Implantable Devices Could Now Benefit From Melanin’s Biocompatibility

Researchers are now working on the dark brown melanin pigment popularly known as eumelanin that colors eyes and hair, as well as prevents the Sun from damaging the skin. The melanin is known to conduct very little electricity for certain useful application. The study published in Frontiers in Chemistry elaborates the eumelanin structure generated after heating in a vacuum. The researchers worked on bringing about a billion-fold rise in the eumelanin’s electrical conductivity. According to Dr. Alessandro Pezzella from University of Naples Federico II and Italian National Agency for New Technologies, Energy and Sustainable Economic Development’s Dr. Paolo Tassini, the melanin-based electronics’ design is anticipated to be used in implanted devices owing to its excellent biocompatibility.
The scientists first found the specific type of melanin with excellent biocompatibility in eumelanin, which is the dark brown pigment in skin, hair, and eyes. The melanins are produced naturally and are also non-toxic without any immune reaction ability. Even after years of study on its structure, its potential use in the implantable electronics has never been explored. The applications of its synthetic or natural versions have still not been considered valuable. Its conductivity had earlier been increased by combining with metals or extreme heating into a graphene-like material but the material formed was found to be less biocompatible. After the study of its structure, the researchers understood that the proper alignment of the sheets for complete sharing of electrons helped electricity flow efficiently.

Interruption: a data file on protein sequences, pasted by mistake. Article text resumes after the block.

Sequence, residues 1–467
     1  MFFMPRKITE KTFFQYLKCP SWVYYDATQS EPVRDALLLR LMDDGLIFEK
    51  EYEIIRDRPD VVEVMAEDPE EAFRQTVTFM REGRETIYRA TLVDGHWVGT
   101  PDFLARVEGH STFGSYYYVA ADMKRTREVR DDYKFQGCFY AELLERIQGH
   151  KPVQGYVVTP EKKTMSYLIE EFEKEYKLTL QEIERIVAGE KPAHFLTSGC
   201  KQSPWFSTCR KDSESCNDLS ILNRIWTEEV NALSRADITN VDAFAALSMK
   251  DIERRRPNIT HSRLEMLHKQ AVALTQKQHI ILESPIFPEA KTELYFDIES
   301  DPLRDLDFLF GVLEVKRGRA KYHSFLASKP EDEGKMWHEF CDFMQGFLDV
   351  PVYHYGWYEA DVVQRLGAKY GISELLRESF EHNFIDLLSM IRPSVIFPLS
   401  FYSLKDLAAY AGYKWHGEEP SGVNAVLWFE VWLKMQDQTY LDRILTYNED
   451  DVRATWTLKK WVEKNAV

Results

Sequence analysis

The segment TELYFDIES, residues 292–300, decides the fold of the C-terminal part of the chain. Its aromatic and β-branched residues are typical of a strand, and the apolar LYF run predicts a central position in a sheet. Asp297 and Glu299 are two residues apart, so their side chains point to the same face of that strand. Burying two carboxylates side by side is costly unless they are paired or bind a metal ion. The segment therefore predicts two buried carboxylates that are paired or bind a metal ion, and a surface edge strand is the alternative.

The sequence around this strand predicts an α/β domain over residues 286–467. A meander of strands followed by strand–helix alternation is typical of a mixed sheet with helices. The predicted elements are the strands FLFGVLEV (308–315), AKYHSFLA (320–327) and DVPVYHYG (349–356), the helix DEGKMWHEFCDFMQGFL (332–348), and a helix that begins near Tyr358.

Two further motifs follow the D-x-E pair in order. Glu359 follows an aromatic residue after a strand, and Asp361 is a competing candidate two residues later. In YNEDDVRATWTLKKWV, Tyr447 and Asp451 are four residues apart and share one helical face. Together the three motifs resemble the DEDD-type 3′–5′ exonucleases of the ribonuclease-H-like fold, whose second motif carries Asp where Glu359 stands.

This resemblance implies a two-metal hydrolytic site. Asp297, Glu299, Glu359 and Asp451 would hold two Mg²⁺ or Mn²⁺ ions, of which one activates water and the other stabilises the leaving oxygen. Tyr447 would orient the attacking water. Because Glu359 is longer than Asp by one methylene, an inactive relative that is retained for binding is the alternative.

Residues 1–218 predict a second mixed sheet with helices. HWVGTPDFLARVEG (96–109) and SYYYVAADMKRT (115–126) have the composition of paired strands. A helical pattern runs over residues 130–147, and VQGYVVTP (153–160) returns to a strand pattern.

The annealing process applied to the films of synthetic eumelanin in the high vacuum condition helps neaten the structure. The resultant eumelanin film is named High Vacuum Annealed Eumelanin or HVAE. The films formed were darker and thicker as the viruses which indeed reflects the reorganization the eumelanin molecules have gone through after a uniform orientation and electron-sharing. The billion-fold increase in conductivity after the structural changes has confirmed the hypothesis. The researchers from the National Eye Institute (NEI) have found that the melanin production can be enhanced with the help of the drug nitisinone in oculocutaneous albinism type 1B or OCA-1B patients. The drug can help save the people from UV rays released by the Sun and also normalize the vision.